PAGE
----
1) McCandless was not the sharpest knife in the drawer where it came to survival in the wilds of AK. Thus, he died.

    2) I am loathe of all those twenty-somethings out there who want to emulate him and wish to trek off to the “magic bus” that he died in. They pose more of a threat to their own lives and perhaps rescuers than anything else. They are just as likely to be as misguided and lacking in true survival skills as McCandless was, if not more so.

    3) I believe as a whole, that we as a society have become too domesticated to survive a day without a latte, never mind being plunked down in the bush and expected to survive past a week nevermind three months. This goes not only for the Alaska bush, but just about anywhere woodsy.

    4) Lastly, this show is just that.. “a show” so, it is likely that there is some jiggering of plot lines etc here. It is noted in big disclaimers that there were wilderness experts off camera to assure that these people don’t just get themselves offed right quick. In essence, they were in danger there from their own brand of stupid, distance from hospitals, and encounters with wildlife that could end them. Aside from that, they were relatively safe with camera crews etc…

    Ok, that said, lets get on to the object lessons..

    The show placed four groups into differing areas of the AK coast. One couple had a canvas tent, another had a exceedingly small shack on a glacier, and the other group of three people had a hunting cabin. All of the groups had little to no real backwoods experience and all were not accustomed to the rigours that they were about to undertake.

    The groups were sent out at the end of the summer when the salmon were running. Each area had differing amounts of natural game available and ALL only had dried stores of food that really lacked protein rich stuffs. In essence, it’s kinda like that bag of rice that Supertramp had and that’s about it. NONE of them started off with guns whatsoever either.

    ** Note here.. Uhh WTF no guns? IT’S ALAKSA!! Bears, moose, etc could whack em as well as uh, how do you get protein other than fish? IF you catch fish? Eventually they get guns but mostly I only saw a .22 rifle.. That ain’t gonna do shit!**

    So, they are plunked down with some stores and some shelter… Go forth and forage! It wasn’t long before these people began to eat too much of their stores, realize that fishing is hard, and that it’s fucking cold in Alaska. Oh, and did I mention that it’s riddled with wildlife that will eat you or stomp you if it wants to? Yeah… AND it’s salmon run and the bears are hungry… But I have no gun… I will just poke em with a stick… Yeah that will work.

    *ok I know there are guides there with guns.. but.. C’mon don’t give people ideas here!*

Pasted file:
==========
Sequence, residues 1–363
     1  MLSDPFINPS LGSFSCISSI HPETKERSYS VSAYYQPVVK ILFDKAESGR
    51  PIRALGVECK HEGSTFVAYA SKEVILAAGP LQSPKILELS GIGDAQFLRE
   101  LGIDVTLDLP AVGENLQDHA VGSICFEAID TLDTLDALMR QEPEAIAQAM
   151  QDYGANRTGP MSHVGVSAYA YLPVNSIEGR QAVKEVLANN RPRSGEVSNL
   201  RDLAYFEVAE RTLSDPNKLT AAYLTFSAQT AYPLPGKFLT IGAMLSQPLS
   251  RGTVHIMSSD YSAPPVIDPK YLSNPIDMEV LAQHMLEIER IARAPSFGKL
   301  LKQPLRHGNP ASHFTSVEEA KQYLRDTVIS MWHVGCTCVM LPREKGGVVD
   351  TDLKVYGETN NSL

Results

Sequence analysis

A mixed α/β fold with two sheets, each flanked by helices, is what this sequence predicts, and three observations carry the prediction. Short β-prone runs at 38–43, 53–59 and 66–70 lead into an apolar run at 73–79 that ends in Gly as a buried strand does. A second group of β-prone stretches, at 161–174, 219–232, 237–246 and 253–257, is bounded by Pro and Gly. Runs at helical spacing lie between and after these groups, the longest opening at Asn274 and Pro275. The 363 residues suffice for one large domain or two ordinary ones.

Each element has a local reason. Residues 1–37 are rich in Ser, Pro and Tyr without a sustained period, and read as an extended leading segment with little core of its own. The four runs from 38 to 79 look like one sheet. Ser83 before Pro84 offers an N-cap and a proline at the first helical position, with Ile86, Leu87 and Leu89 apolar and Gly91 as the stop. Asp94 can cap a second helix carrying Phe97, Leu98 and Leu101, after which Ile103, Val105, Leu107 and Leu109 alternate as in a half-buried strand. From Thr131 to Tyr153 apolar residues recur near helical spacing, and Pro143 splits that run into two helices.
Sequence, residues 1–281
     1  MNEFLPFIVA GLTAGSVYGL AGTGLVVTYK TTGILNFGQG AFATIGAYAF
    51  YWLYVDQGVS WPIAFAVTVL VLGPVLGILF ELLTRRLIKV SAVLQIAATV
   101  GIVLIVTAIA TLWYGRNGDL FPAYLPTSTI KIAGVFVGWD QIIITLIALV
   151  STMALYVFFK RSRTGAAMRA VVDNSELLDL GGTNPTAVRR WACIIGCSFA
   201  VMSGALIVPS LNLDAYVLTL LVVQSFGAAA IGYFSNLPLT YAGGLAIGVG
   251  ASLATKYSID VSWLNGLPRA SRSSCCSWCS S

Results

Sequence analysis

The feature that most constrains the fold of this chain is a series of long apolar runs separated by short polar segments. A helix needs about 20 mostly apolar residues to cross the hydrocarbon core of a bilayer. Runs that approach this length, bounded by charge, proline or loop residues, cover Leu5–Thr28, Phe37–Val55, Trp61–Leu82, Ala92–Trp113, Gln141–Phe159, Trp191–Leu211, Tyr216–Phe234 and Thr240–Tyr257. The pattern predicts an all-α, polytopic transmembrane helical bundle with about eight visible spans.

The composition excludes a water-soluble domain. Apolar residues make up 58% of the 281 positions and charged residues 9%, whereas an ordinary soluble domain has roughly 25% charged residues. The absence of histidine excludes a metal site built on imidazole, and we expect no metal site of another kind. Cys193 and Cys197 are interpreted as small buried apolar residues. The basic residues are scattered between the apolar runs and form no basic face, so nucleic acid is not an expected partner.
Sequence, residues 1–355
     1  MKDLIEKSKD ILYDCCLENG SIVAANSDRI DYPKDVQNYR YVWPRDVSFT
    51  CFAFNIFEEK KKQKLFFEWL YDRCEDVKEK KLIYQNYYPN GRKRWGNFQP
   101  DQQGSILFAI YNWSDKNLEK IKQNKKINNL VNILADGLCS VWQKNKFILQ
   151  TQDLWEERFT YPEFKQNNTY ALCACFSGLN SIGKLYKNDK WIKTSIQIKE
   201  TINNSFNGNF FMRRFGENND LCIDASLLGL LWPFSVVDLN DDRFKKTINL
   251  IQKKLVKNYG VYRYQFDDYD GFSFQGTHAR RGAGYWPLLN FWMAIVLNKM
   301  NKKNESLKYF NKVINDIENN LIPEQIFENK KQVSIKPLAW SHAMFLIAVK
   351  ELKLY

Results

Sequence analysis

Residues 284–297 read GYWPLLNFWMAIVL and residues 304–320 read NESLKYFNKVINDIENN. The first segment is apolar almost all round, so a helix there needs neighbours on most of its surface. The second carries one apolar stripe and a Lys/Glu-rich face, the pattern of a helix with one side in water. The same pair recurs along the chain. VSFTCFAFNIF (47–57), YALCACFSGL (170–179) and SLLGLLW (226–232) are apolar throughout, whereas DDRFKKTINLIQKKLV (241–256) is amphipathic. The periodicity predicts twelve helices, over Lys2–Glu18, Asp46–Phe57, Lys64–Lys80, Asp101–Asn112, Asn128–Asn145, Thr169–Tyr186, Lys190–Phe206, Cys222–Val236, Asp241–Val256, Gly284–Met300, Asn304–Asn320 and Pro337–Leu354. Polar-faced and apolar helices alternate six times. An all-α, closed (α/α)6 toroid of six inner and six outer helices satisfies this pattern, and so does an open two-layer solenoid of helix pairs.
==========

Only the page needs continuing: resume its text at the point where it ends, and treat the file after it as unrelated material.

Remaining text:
Ok, we have a mix for disaster don’t we. Yep…

    I will not go into much more detail, I will let you all locate the series and watch it yourselves. Perhaps you too will be yelling at the screen because some of these people would have been dead dead dead were it not for camera crews and guides. I saw some powerful epic stupid and really, it’s kinda glossed over by the show and that is troublesome.

    The one thing that was nailed home in this series was the BMI needs and the measurements carried out by the volunteers. It quite clearly shows how much BMI is in importance for survival especially in the wild. You are expending a lot of energy to hunt and gather. Unless you do a good job at that and plan, then you will lose body mass and eventually, like McCandless, could die from lack of protein. I am glad that the show at the very least, covered this issue repeatedly. I guess someone learned from the Supertramp experience.

    In the end, everyone makes it out alive. Perhaps having learned a few things, like NEVER going into the bush EVER again! Overall though, it really makes you see rather clearly how ill equipped we are as urban dwellers to really make a stab at survival in the wild..

    Unless you work at it.

    The second season will be broadcast this year with new “volunteers” heh… Donner, party of four now seating!

    Really, if you want to learn anything about bush survival, I suggest you look up the name “Ray Mears”

    CoB

    Written by Krypt3ia

    2009/12/23 at 15:14

    Posted in EPIC FAIL, SURVIVAL, Tv

    CBRN: Protective Steps

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    Given all the talk lately about Nantaz and the new secret facility that, well, ain’t so secret, I thought this was an appropriate heads up.